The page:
Some of New Zealand’s distinctive grass trees look rather like small-leaved cabbage trees. Others have conifer-like needle leaves, but they are all actually members of the heath family. The forest grass trees are few in number but have many relatives that are common components in subalpine shrublands. Also known as turpentine bushes, these range from tree species to prostrate moss-like cushions. Many dracophyllums are closely related and difficult to distinguish. They are summer flowering and produce dry seed capsules in autumn.
Three forest grass trees have distributions in the North or South islands, or both, and two have restricted local distributions – Dracophyllum townsonii in south-west Nelson and northern Westland, and D. fiordense in south-west Otago.
The most widespread grass tree is īnanga (Dracophyllum longifolium). Various forms of this needle-leaved tree grow from coastal forest to subalpine scrubland, from East Cape southwards to Stewart Island and on the subantarctic islands. It can grow up to 12 metres high and has small attractive white flowers.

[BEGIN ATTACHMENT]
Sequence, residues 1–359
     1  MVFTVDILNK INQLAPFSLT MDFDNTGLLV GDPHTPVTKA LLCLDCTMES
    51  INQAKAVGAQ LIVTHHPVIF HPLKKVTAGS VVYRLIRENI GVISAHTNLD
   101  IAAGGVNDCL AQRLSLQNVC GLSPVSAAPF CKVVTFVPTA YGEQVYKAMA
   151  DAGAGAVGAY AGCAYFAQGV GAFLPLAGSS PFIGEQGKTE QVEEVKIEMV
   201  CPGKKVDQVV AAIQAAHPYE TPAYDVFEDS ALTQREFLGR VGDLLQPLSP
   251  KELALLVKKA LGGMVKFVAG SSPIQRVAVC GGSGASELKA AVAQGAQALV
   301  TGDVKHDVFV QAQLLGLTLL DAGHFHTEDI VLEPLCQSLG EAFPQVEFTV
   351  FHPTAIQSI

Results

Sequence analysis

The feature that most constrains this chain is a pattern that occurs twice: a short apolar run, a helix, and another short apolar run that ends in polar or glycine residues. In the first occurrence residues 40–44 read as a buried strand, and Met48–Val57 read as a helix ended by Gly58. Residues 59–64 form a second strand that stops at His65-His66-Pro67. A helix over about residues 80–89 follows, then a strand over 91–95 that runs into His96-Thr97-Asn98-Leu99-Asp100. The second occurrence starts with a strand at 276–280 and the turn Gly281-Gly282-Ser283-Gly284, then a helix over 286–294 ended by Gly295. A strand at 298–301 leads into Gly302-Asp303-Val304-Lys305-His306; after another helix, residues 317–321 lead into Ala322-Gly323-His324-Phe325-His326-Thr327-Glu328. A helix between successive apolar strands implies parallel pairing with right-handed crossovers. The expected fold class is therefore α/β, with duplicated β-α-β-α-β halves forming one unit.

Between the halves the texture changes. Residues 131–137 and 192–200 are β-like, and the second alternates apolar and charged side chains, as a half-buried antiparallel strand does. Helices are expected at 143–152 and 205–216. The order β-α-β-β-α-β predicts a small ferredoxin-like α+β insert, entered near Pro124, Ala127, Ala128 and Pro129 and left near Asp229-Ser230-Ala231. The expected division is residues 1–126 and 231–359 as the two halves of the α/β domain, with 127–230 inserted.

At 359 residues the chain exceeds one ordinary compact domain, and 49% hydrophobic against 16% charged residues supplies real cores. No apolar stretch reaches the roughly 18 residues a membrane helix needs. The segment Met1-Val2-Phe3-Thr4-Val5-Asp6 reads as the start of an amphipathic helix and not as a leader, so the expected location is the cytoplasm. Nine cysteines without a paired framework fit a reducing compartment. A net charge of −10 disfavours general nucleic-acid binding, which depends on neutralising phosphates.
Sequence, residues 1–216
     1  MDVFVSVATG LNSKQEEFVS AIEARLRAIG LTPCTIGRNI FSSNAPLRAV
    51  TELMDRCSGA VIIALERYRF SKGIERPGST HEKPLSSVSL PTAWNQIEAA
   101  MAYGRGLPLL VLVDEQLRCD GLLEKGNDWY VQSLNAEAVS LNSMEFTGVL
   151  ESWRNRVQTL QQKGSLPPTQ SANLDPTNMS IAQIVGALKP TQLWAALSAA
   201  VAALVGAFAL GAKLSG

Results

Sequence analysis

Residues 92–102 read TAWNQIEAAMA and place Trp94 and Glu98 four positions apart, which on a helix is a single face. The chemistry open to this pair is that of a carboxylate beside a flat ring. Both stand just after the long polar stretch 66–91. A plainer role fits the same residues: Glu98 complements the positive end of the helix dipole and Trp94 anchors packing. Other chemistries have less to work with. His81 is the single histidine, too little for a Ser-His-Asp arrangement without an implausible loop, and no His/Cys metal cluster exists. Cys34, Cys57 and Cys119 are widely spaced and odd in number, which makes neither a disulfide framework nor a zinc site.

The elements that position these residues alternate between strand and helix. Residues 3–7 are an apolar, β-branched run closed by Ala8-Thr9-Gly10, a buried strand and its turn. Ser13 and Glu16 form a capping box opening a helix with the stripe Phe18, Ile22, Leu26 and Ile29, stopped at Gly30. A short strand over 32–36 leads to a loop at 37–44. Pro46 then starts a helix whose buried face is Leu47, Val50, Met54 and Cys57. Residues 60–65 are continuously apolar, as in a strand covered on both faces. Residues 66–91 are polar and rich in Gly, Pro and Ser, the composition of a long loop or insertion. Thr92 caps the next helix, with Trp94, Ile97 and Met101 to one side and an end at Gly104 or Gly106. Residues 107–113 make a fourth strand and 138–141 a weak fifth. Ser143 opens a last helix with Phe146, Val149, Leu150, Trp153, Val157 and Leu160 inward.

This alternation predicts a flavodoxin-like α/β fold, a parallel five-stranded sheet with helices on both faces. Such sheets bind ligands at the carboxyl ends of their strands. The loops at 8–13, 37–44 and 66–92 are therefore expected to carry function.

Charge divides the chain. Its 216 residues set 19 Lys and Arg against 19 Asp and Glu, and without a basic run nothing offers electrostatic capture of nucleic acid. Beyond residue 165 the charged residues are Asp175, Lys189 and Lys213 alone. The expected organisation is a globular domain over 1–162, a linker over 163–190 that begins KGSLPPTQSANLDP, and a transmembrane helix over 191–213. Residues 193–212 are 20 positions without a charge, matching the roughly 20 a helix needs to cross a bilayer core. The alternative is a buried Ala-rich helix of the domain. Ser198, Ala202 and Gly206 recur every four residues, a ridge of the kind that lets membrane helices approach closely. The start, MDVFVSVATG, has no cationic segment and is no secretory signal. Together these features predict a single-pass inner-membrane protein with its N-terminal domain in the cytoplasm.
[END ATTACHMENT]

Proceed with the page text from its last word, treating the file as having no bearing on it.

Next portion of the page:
Growing in coastal, lowland and montane forest from North Cape south to Hawke’s Bay and Taranaki, neinei (D. latifolium) forms a small tree up to 6 metres high with upturned candelabra-like branches. These bear tufts of long leaves that taper from broad leaf sheaths to fine points and have finely toothed margins. Slender pyramids of small reddish flowers are carried above the leaf tufts.
A larger tree than neinei, mountain neinei (D. traversii) has shaggy peeling bark, denser pyramids of flowers, and smooth-edged leaves. It grows to 13 metres in height. In the North Island, it is scattered in montane to subalpine forest from Waimā Forest south to near Taumarunui. In the South Island it grows only in north-west Nelson south to about Arthur’s Pass. Mountain neinei sometimes forms pure stands on ridges near the treeline, carpeting the forest floor with its dry, reddish-brown leaves.